collaboration IALA X h-pem | 2023 Young Armenian Poets Awards: On Visibility In a time of turbulence and uncertainty, the Young Armenian Poets Awards (YAPA) stands as a beacon of hope and expression. Founded and directed by Alan Semerdjian, YAPA of the International Armenian Literary Alliance (IALA) collaborates with h-pem, which, in turn, seeks to provide an authentic audience for the annual awards. As our nation grapples with turmoil, YAPA invites young talents to explore profound existential questions. How can poetry become a bridge connecting Armenia and its vast diaspora? What dialogues are essential within the Armenian community and with the world? These questions are met with insightful responses, as young awardees delve deep into their souls, weaving symbolism, fantasy, and elegy into their work. In 2023, the theme of "Visibility" resonates deeply as the Armenian people face challenging times, particularly in Artsakh. The lack of media coverage and international support is disheartening, leading many to feel as though they are disappearing before their own eyes. However, YAPA continues to shine a spotlight on these issues through the power of poetry. This year's winning and honorable mention poems offer poignant reflections on identity, remembrance, and resistance. Gregory Djanikian, Armine Iknadossian, Alan Semerdjian, and Raffi Wartanian, distinguished individuals in the literary world, provide insightful commentary on the winning works. These poems encapsulate the essence of the Armenian spirit, addressing the struggles and resilience of a people whose stories deserve to be told. YAPA's mission to illuminate the dark corners of our universe through poetry remains steadfast, and it is through the voices of these young poets that we find a glimmer of light and hope during these somber times. Read on to understand more of YAPA's 2023 edition through Alan Semerdjian's lenses.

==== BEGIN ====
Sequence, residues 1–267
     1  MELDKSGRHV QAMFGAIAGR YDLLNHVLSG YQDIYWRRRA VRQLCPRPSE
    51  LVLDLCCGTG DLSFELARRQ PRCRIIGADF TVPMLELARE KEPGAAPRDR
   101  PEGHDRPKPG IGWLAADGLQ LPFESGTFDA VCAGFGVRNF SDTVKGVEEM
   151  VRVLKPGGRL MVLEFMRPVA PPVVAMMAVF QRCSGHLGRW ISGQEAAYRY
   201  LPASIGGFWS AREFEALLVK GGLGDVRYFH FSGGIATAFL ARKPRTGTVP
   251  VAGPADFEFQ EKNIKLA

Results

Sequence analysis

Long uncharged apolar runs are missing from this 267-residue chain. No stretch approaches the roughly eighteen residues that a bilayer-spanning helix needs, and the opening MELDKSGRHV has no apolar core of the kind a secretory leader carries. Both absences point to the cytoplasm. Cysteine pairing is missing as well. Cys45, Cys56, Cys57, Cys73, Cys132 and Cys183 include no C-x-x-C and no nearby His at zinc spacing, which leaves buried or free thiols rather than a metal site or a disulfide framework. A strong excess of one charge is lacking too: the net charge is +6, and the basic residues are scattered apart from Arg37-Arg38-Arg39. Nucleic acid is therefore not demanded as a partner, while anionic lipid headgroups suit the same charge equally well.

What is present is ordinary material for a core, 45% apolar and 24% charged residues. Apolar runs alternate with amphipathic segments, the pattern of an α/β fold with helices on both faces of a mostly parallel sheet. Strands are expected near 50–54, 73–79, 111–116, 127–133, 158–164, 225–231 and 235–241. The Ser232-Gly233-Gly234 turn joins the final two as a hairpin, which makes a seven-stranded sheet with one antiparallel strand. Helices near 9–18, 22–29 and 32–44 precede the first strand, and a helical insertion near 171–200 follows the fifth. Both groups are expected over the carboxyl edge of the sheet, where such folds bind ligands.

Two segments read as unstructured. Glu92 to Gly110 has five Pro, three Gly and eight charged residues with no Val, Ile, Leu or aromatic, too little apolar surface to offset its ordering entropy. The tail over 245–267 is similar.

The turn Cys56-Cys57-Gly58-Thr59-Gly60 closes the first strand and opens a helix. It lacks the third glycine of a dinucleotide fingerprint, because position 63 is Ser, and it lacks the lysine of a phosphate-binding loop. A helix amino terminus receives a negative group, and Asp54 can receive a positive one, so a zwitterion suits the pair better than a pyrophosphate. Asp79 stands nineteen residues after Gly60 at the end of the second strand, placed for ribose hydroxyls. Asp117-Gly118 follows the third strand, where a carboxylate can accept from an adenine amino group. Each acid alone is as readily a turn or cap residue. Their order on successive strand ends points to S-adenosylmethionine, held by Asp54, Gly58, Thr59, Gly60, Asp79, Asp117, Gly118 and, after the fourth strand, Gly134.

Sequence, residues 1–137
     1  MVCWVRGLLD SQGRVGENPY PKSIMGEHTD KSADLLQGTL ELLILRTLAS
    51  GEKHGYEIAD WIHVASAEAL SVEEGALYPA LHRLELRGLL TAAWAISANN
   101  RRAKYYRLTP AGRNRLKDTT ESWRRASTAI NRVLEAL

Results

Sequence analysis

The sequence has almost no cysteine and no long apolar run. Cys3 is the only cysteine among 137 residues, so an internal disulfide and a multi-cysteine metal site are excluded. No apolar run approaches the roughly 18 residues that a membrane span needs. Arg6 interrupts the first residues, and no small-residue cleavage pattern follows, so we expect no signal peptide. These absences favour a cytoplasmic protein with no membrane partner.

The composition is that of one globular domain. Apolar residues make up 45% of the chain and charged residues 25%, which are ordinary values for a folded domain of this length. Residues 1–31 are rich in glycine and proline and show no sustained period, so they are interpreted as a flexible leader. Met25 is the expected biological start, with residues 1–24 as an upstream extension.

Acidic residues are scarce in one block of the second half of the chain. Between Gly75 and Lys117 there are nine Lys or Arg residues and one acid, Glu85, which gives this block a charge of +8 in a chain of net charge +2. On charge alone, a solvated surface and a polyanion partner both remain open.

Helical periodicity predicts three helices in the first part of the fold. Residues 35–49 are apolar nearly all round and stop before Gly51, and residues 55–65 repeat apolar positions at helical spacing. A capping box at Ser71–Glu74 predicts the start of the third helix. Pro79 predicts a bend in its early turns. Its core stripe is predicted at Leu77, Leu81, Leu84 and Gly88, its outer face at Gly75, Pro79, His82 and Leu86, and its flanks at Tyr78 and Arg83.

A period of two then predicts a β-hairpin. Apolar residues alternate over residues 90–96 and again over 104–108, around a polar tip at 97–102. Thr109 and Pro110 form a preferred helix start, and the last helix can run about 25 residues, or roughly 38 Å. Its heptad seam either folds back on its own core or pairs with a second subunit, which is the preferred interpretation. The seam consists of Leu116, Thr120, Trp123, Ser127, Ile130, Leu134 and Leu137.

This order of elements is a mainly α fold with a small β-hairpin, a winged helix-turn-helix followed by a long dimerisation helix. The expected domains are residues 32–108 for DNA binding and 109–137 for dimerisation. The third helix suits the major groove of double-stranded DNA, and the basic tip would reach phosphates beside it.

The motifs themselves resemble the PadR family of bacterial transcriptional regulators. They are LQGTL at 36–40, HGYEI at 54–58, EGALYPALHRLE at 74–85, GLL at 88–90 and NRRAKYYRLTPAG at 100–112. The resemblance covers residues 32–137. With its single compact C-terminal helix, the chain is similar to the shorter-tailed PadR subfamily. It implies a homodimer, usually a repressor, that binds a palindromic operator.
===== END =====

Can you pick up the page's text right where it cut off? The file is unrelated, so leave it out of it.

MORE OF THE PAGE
feature Algorithms for loss: By Alan Semerdjian Something extraordinary happened on the day award-winning writer, musician, and educator Alan Semerdjian released a collaboration of poems and sound with guitarist/composer Aram Bajakian—Kim Kardashian tweeted about his project The Serpent and the Crane! While a lot has happened in the world since then, including the COVID-19 pandemic and the 44-day Artsakh war, Semerdjian went on to write an essay, a meditation about that actual day, April 24th 2020. He generously contributed his compelling story to h-pem because he believes it “should live in the world.” Experimental in form and delivery, the essay is an attempt to tackle broader issues, such as the nature of virality, how to process and share difficult and hard to digest art, the question of Armenian identity, genocide denial—all still relevant and resonant. Check out Semerdjian’s wonderfully intuitive, extremely timely and profound story as it unravels in real time below…